(2) This is no brilliant insight – but the United Methodist Church, over whose barely alive body we were presiding at that very moment, is in desperate need of a movement. (And I'd add that I think it's unlikely this kind of movement is entirely in either of the directions that are currently pulling us apart.) And not just a movement to resolve sexuality issues. We need a movement, movements actually, which bring life and holiness to our churches and the world.

     Then, (3) we were trying to do triage on this church using the rules least likely to allow a movement to happen - or we were seeking renewal and revival utilizing something so cumbersome it could only squash anything fresh. Robert’s Rules of Order actually were designed to keep order (as in the name!) and prevent outbreaks of anything at all. Who was Robert? He was a preacher’s kid who became an engineer: Henry Martyn Robert. At his Baptist church in Massachusetts, they had just suffered an awful meeting in which conflict erupted over abolition. He set his mind to learn all he could about rules for meetings, and published his in 1876.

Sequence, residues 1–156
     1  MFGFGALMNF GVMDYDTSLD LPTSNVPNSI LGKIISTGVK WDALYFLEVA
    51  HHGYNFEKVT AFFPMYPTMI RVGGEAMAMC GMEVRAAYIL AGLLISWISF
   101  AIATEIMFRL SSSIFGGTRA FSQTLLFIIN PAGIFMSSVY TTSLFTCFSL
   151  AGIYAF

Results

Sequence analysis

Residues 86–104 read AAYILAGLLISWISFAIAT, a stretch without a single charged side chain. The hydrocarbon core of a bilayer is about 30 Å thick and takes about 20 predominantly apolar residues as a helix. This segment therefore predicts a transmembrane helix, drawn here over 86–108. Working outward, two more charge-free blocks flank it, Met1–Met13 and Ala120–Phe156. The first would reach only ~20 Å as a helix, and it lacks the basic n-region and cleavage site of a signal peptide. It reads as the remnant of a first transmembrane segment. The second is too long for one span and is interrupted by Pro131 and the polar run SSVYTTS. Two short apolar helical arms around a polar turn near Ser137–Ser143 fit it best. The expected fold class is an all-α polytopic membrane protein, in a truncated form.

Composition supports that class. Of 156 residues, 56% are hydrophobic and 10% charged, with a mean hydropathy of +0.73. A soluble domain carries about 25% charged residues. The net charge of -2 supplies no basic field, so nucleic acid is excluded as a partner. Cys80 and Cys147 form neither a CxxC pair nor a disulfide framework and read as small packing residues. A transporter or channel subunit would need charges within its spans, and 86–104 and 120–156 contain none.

Robert’s Rules most often do prevent conflict breaking out. Although, perhaps in the way guerilla warfare breaks out when minorities won’t back down to the massed armed forces of nations, minorities eventually chafe under the brunt of losing vote after vote and eruptions happen anyhow. But healthy movements that embody the Kingdom never happen.

     I'm not thinking of trivial tweaks to our process, like the much ballyhooed Rule 44.  I am thinking of serious, non-conference transformation. Rewind the date to the 1940's.  There's a motion to have an interracial farm in rural Georgia. Speeches for? Speeches against? Let’s vote. The nays would win easily.  Jesus himself could have convened all the religious leaders of his day and put forward a motion that the Kingdom of God might dawn. By Robert’s Rules, the vote most assuredly would have been No, let’s not have a dawning of the Kingdom of God. Let's go back to fishing.

     At General Conference, we do a lot of praying for God’s Spirit to move. But if history tells us anything, it’s that the movement of the Holy Spirit is like the movement of the dancers on that hillside. Just one prophet speaks with great courage, which is met with scoffing and thumbs down votes. But someone else hears the truth and stands up, then a third, and finally others. Robert’s Rules will foil that first guy every time: Shall we dance? The nays win.